Thursday, July 13, 2006

Eka Pada Rajakapotasana / Ibadi Islam

I got into an assisted form of Eka Pada Rajakapotasana (One-Legged King Pigeon Pose). I thought my partner was lying when she said my hand was almost on my foot, but then there was my hand, on my foot. Then my other hand, and then my head.


I learned that the muslims in Oman are neither Sunni nor Shi'ite, but Ibadi. Who knew? Thank you, o Peter J. Ochs II, for informing me of this!

Abbreviated breakdown of how the Ibadi's came to be:

The group that came to be known as the Shi'ites believed that Muhammed's sucessor, the caliph (or imam--I'm confused about whether or not these two terms are interchangable), should be in direct lineage from Muhammed's family. In 654, 22 years after the death of Muhammed, Ali (Muhammed's 2nd cousin and son-in-law), became the 4th Shi'ite caliph. Immediately Ali became involved in a war with Muawiya, a distant cousin of the 3rd Shi'ite caliph, Uthman. They fought and fought and no one was winning. Muawiya offered an arbitration and Ali accepted.

A group of Muslims felt that Ali should not have accepted the offer, and so they split from Ali and went to Basra in sourthern Iraq. They became known as the Kharajites (meaning the "seceders"). The Kharajites were known for their super orthodox stance on doctrinal affairs, and for excommunicating or executing anyone who disagreed.

Another group that split from Ali at about the same time advocated a return to an orthodox but not dogmatic belief in the importance of good conduct and religious tolerance. This is the group known as the Ibadis. The initial leader of this group, Abdullah bin Ibadh Al Tamimi, was against the use of force and actively discouraged it, even in Oman where they were persecuted by Sunnis (who were dominant in Oman) and the Kharajites.

The Ibadhi tradition holds that the imam should be elected by a council of scholars. They also allow more than one imam to accomodate different geographical regions--so, for a long time, there was an Ibadhi iman in Oman and also one in north Africa.


tmorange said...

i'm completely ignorant on this and am basing this only on beginning to read books like this and this, but...

i think an imam is like a priest and a caliph like a bishop? (in any case i'm sure they're not synonymous.)

no no, scratch that. i think caliph is the sunni term and imam is the shiite term? i dunno, the following quotations from a lexis-nexis search do not fully disambiguate, do they?

"They saw this as a message in line with the narrative of Twelver Shiism, the brand of Islam followed by 89 percent of Iranians. It reveres the 12th imam, or 12th Shiite caliph, to succeed the prophet Muhammad, the one who disappeared 1,100 years ago and whose return will herald the day of judgment." (Wash Post, 6/25/06)

"[Najaf is famous for] Najaf Shrine of Ali 4th Caliph of Islam and 1st Imam of Shia Islam" (Guardian 2/22/06)

"Baghdad also holds the tomb of Abu Hanifa al-Numan (699-767), the founder of the Hanafi Code of Islamic law, the largest sub-sect among Sunnis. And the tomb of Ali in Najaf is sacred to both Shias and Sunnis. To Shias, he is Imam Ali; to Sunnis he is Caliph Ali." (Independent, 7/10/05)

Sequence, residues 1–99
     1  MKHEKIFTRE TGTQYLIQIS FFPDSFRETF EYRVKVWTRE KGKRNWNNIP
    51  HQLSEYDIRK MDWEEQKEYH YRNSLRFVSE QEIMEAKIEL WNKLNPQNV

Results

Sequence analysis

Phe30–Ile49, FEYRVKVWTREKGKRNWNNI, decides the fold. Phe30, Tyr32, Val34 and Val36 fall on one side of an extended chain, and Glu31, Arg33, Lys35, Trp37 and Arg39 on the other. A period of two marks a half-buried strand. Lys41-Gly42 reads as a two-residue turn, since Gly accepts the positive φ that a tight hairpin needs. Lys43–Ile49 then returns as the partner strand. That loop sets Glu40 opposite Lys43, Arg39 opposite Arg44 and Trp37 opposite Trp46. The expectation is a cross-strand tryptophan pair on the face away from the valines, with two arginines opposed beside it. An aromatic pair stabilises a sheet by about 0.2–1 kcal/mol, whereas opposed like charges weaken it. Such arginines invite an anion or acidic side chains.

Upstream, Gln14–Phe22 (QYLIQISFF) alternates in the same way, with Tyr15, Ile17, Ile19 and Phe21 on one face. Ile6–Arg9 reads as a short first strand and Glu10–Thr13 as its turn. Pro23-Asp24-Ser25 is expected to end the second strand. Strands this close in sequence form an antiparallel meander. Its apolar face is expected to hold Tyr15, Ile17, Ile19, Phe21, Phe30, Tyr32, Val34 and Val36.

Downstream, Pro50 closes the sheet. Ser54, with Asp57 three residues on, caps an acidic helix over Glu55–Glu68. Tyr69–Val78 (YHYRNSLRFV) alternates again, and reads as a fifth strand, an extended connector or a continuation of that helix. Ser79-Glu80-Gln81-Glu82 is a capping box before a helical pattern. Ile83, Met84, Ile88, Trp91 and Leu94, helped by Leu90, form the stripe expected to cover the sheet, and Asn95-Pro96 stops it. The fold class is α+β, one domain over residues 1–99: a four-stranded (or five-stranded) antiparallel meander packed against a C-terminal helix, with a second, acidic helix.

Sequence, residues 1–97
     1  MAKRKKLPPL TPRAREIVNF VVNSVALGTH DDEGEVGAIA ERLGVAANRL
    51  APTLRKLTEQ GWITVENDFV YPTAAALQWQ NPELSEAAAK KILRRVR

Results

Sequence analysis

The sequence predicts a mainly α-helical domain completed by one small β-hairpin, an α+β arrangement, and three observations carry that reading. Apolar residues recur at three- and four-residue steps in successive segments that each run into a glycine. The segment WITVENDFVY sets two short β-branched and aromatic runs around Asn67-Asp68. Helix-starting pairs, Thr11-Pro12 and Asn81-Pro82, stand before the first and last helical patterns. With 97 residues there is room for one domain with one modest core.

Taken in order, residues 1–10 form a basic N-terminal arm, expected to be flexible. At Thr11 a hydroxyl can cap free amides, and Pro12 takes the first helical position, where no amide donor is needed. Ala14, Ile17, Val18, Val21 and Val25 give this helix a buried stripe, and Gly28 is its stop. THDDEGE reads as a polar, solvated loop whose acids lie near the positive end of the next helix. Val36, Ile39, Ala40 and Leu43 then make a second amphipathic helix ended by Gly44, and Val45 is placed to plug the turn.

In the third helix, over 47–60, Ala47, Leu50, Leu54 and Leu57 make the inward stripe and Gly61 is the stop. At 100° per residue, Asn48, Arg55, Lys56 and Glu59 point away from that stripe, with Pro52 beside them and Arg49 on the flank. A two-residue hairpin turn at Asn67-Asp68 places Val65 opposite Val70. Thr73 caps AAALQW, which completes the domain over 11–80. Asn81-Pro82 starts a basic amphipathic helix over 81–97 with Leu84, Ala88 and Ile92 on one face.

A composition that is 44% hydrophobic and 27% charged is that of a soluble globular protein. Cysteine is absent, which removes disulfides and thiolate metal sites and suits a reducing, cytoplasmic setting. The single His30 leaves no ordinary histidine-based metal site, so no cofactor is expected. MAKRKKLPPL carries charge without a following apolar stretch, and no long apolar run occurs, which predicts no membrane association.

"The branches disagree about who succeeded Islam's prophet Muhammad after his death in 632. Shiites believe religious authority should have gone to Muhammad's son-in-law, Ali, and 11 of his descendents. The slaughter of some of these Shiite successors or "imams" by the ruling caliphs 13 centuries ago led the sect to idealize suffering and martyrdom." (Seattle Times, 5/20/05)

"Shiites - from Shiat Ali, partisans of Ali - considered him the true successor of Muhammad. They wrote off the first three caliphs as usurpers and called Ali their first Imam. And they deemed the tumultuous period until Husain's "martyrdom" as one of grave injustice." (Toronto Star, 2/24/05)

let us know,

tmorange said...

lorraine do you know much arabic or have you ever thought of taking it up? you've already gotta a pretty solid handle on one tough non-indo-european language...


tmorange said...

and then there's also the druse (or is it druze?)...


K. Lorraine Graham said...

I've ordered a little "read and speak" Arabic book for beginners--it has an alphabet, so I'm optimistic. But listening to a CD at home isn't the same thing as speaking it, so we'll see what happens when I get to Oman, but I want to at least be able to read basic signs, order coffee, and tell people my name, say thank you, etc.

And I'm trying to dig up my notes from Nasr's introductory course on Islam, which I took at GW as a junior.

I'm doing a lot of reading on Oman and Islam now in general, so I'll write about what I know as I learn it.

Ray said...

Loooorraaaaiiiiineeeee... I have a ton of Arabic CDs... I could probably e-mail you a couple of lessons if you want more!

K. Lorraine Graham said...

I wouldn't say no--burn me copies!

Ray said...

ok!!! I lurrve my lessons, theyre fun -- i'll get them tomorrow, they're saved on my iPod which's at work!!!